A perfect storm is hitting southern West Virginia’s Coal River.
Just as the river and its two main tributaries are recovering from decades’ worth of environmental abuse, anglers are discovering the benefits of fishing from kayaks. Those factors are triggering a recreational whirlwind.
Bill Currey has been watching it build, and he couldn’t be happier.
“We’ve had a huge influx of new people,” said Currey, a spokesman for the Coal River Group, a non-profit organization dedicated to protecting, preserving and promoting the watershed.
“Last Sunday, at the boat launch and takeout spot above the Upper Falls, there were 88 cars jammed into that little bitty lot. In the lot just downstream of the falls, there were 58 cars. All those people were going somewhere or coming from somewhere, so they had vehicles at the other end [of their float trips], too. The parking lot at the Lower Falls, a few miles downstream from Upper Falls, was packed. You couldn’t get another car in there.”
Many of the kayakers were recreational paddlers interested only in taking a peaceful float down a picturesque river. Many of them also were anglers eager to tie into the river’s burgeoning schools of game fish.
“Experts look at the river now and say we have an amazing diversity of fish,” Currey said. “People are fishing the river for largemouth and smallmouth bass, walleye, muskie and catfish. The rivers’ mussel populations are coming back. People are even seeing hellbenders.”
The increase in biological diversity signals a major improvement to water quality throughout the watershed. Fewer than three decades ago, aquatic life in the Little Coal, Big Coal and lower Coal suffered from the effects of coal-mine pollution, road-construction sedimentation, raw-sewage contamination and indiscriminate trash dumping. Not much could survive such a quadruple whammy, and not much did.
That began to change in the early 1990s. Environmental regulations required coal companies, highway construction crews and real-estate developers to keep silt and sediment from escaping into the river. Community sewage systems replaced septic tanks and “straight pipes” that led directly from people’s bathrooms to the riverbanks. State and local authorities cracked down on illegal trash dumping.
At the same time, a grass-roots movement began to clean up the river and try to reverse some of the damage done by decades of environmental abuse.
“We got the trash out of the rivers,” Currey said. “We put together cleanup teams. We got people who live in three or four counties to pitch in and clean up the rivers over the course of 15 years. That alone changed a lot of attitudes. Today, if you got caught putting an old tire into the river, the miners who did those cleanups would hang you.”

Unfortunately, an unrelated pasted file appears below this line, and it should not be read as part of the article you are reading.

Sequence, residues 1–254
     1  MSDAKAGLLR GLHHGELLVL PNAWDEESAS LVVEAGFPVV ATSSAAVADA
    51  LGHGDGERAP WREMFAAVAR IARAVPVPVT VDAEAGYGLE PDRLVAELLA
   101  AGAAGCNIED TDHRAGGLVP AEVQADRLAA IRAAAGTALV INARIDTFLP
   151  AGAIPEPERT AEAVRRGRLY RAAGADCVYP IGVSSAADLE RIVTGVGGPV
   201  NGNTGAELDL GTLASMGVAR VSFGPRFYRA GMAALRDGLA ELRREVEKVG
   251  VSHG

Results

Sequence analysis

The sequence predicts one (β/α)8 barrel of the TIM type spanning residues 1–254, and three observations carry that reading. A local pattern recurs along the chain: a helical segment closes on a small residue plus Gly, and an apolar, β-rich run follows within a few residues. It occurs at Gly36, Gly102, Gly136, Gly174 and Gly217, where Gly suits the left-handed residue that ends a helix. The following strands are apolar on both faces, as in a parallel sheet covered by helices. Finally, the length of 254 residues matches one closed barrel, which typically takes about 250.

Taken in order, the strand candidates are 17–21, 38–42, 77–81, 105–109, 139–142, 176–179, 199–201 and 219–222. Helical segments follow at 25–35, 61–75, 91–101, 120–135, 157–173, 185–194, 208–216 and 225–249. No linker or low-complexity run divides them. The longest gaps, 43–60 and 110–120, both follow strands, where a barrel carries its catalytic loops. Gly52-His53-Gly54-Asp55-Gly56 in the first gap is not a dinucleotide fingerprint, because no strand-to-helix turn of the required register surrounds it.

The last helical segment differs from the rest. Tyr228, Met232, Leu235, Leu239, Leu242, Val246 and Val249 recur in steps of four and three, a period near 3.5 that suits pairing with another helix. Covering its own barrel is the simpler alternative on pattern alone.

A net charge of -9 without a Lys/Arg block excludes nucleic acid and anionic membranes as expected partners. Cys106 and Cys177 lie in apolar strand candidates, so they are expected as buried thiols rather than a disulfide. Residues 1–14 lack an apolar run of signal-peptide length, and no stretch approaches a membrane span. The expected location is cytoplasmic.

The trash gradually disappeared, but the sand and silt did not. Enter the state Department of Environmental Protection, which in 2007 launched a $9 million watershed restoration project designed to flush away the accumulated sediment.
Using stone, wood and other natural materials, crews built 213 structures up and down the river. The structures aimed and sped up and focused the water so it would wash away the sand and silt and expose the underlying rocks.
The project was an unqualified success. Aquatic insects and other invertebrates reestablished themselves, dramatically expanding the base of the river’s food chain. The insects fed bait fish, which in turn fed growing burgeoning populations of game fish.
“What the DEP has done here on the Coal is, to me, one of the most successful river restorations in the United States, or at least the eastern United States,” Currey said. “Fishermen love it.”
The easiest and most efficient way to fish the river is to float it. Most of the watershed is too shallow and rocky for motorboats, but anglers in canoes and kayaks can navigate it easily.
“Most fishermen, when they get into the water, only want to fish 2 to 3 miles at a time and then get out,” Currey said. “The more access points you have, the more attractive you are to fishermen.”
To make life easier for anglers, Currey’s Coal River Group worked with state and local authorities to establish 20 boat-launch areas along 88 miles of river.
“Now, the people who float-fish the river have plenty of places to put boats in and take them out,” Currey said. “We think we’re the best water trail in the state for kayak fishermen. Each segment is a different style of water. Some are fast water, some are slower. Most of the ones upstream [from Tornado] have really good habitat.”
The Coal has become so popular among anglers that it’s now attracting kayak bass-fishing tournaments.
“We’ll be hosting a tournament on July 27,” Currey said. “It will be held on three or four different rivers, but it will be headquartered here.”
The main problem now, Currey added, is that the river’s launch sites sometimes can’t accommodate enough vehicles.
“It’s a good problem to have, though,” he said. “Everybody is feeling the impact of additional tourism. I know of three new riverfront boating, camping and recreation centers being built right now. People are selling bait, offering guide services — we’ve even got an Uber driver who has two vans equipped with boat racks so he can run shuttles for kayakers.”
Currey even thinks the Coal’s growing reputation as a recreational and fishing destination might ultimately encourage out-of-state businesses to locate nearby.
“If you want to do something to attract potential new residents, show them a good time on a river somewhere,” he said. “Once people from outside the state see the recreational opportunities we have here, they’ll want to bring their employees here. We’re building the infrastructure for that to happen.”